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Empirical Analysis of Quality Improvement in Manufacturing

K.E. Maani (University of Auckland, Auckland, New Zealand)
M.S. Putterill (University of Auckland, Auckland, New Zealand)
D.G. Sluti (University of Auckland, Auckland, New Zealand)

International Journal of Quality & Reliability Management

ISSN: 0265-671X

Article publication date: 1 October 1994


Despite a strong research output in quality in recent years, the literature is still scant in empirical studies of commonly held quality theories. Empirically investigates the operational and strategic impact of improved process quality and describes the construction of a model of process quality and its correlates in manufacturing. Using empirical data, the study performs a micro assessment of the impact of quality on operations performance. Implications for the business unit as a whole are also considered. Since the research domain of the study is manufacturing industry, the conformance dimension of quality has been adopted as a more precise and measurable definition than those followed in other research. Structural equation modelling (SEM) is used for analysing the magnitude and direction of hypothesized relationships, a rigorous and reliable way of testing multivariate data and path models. Research findings generally support the consensus view that there is a favourable impact of enhanced quality in the form of improvements in productivity, inprocess inventory, on‐time delivery, and manufacturing cost. Flow‐through effects on business performance were also noted though not in all dimensions. This research complements marketing‐oriented evaluation which has been a feature of approaches to date.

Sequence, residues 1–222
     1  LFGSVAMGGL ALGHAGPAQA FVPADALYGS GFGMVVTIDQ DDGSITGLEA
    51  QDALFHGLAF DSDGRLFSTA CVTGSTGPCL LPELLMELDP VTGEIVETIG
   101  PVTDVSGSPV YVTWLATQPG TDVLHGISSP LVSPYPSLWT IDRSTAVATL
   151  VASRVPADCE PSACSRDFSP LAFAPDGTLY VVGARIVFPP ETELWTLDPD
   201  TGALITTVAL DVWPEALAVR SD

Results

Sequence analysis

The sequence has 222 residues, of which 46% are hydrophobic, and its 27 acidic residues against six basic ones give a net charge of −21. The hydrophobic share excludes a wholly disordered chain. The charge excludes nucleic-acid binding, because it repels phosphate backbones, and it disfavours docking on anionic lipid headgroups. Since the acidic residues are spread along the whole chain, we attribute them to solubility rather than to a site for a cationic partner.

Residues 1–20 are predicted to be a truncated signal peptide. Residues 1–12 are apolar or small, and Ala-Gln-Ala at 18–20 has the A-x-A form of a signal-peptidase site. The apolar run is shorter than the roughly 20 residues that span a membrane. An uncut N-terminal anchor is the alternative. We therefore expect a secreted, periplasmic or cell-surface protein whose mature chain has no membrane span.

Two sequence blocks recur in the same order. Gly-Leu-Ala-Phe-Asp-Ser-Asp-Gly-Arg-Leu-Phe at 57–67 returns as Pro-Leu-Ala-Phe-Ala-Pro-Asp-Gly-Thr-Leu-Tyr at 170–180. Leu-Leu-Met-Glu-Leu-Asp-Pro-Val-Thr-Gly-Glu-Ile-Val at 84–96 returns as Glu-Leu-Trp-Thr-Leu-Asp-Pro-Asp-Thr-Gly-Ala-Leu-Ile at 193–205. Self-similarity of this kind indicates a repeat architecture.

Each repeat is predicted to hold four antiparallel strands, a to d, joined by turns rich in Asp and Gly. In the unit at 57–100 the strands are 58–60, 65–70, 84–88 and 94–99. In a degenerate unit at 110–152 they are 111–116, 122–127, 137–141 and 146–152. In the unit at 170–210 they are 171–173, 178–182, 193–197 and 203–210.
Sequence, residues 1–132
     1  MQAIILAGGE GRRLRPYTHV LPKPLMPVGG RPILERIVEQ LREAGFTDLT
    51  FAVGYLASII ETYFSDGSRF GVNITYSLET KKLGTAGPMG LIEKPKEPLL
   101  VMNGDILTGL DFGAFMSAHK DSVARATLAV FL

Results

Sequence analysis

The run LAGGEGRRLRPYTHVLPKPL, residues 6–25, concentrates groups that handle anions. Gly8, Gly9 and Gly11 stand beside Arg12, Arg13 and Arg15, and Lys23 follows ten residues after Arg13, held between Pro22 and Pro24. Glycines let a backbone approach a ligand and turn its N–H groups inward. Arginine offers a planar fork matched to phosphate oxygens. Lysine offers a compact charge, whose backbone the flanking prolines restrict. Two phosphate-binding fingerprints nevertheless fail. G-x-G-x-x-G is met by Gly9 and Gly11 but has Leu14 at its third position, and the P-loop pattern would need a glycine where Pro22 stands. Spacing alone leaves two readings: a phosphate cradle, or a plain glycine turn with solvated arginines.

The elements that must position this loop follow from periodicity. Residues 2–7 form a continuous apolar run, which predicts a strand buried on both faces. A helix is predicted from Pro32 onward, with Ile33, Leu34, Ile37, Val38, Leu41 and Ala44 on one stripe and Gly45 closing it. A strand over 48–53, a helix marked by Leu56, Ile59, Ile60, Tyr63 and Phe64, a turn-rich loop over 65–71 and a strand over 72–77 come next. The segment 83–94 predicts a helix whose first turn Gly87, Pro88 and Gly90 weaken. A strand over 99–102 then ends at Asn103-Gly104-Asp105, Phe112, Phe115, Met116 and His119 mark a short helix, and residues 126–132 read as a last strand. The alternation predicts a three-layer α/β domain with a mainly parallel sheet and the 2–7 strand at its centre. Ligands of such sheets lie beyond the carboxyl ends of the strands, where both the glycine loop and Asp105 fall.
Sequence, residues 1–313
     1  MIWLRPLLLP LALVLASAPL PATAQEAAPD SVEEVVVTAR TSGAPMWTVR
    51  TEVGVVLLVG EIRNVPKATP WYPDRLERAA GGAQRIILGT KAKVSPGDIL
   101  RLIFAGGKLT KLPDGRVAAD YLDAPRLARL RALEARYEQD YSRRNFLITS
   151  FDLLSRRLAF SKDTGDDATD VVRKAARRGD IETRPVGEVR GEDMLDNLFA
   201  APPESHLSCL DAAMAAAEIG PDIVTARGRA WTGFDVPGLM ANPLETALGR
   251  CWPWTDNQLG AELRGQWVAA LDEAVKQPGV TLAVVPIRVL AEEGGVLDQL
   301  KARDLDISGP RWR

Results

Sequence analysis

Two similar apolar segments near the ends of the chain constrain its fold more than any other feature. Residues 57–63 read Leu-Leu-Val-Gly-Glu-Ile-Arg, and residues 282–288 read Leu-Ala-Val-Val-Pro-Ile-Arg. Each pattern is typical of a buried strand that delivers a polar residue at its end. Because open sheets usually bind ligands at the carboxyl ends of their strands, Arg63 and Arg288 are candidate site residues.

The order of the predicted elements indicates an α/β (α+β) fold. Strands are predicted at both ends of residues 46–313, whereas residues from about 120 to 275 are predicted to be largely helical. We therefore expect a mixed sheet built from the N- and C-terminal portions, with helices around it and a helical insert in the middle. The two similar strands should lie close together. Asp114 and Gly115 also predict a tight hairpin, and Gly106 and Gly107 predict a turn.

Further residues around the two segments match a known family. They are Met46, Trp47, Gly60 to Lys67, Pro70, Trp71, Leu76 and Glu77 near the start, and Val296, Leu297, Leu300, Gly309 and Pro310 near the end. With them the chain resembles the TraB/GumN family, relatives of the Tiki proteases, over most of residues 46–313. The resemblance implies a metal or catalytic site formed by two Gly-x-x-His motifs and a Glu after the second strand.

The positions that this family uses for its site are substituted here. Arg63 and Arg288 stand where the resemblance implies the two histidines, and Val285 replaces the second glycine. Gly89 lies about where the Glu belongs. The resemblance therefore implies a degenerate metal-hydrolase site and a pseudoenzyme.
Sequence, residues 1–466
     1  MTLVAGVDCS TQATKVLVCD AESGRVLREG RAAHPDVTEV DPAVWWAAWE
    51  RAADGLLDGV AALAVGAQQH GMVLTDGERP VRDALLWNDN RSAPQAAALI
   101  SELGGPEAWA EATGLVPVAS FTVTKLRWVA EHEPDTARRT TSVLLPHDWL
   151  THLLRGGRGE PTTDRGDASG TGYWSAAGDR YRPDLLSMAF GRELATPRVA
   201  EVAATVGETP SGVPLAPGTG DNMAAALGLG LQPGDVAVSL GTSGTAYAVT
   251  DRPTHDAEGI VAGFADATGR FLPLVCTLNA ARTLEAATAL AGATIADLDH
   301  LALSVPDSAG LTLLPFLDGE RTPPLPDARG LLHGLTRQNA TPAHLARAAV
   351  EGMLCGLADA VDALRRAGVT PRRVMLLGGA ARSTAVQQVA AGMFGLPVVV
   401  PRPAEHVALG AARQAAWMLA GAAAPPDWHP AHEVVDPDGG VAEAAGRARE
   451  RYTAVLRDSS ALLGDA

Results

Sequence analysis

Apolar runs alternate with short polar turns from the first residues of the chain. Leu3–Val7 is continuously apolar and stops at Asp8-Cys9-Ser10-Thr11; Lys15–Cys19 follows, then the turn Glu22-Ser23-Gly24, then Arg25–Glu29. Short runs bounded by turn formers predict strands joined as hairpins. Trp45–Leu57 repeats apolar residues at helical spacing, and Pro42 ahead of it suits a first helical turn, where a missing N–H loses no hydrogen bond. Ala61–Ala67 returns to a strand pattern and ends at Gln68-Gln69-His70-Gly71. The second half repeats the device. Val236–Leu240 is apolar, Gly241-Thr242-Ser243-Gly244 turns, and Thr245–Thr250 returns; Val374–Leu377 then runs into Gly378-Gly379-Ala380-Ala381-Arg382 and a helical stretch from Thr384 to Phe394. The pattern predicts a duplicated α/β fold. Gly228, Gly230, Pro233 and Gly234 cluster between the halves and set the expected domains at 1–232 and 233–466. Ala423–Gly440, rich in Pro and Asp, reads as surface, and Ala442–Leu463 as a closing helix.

Maani, K.E., Putterill, M.S. and Sluti, D.G. (1994), "Empirical Analysis of Quality Improvement in Manufacturing", International Journal of Quality & Reliability Management, Vol. 11 No. 7, pp. 19-37.




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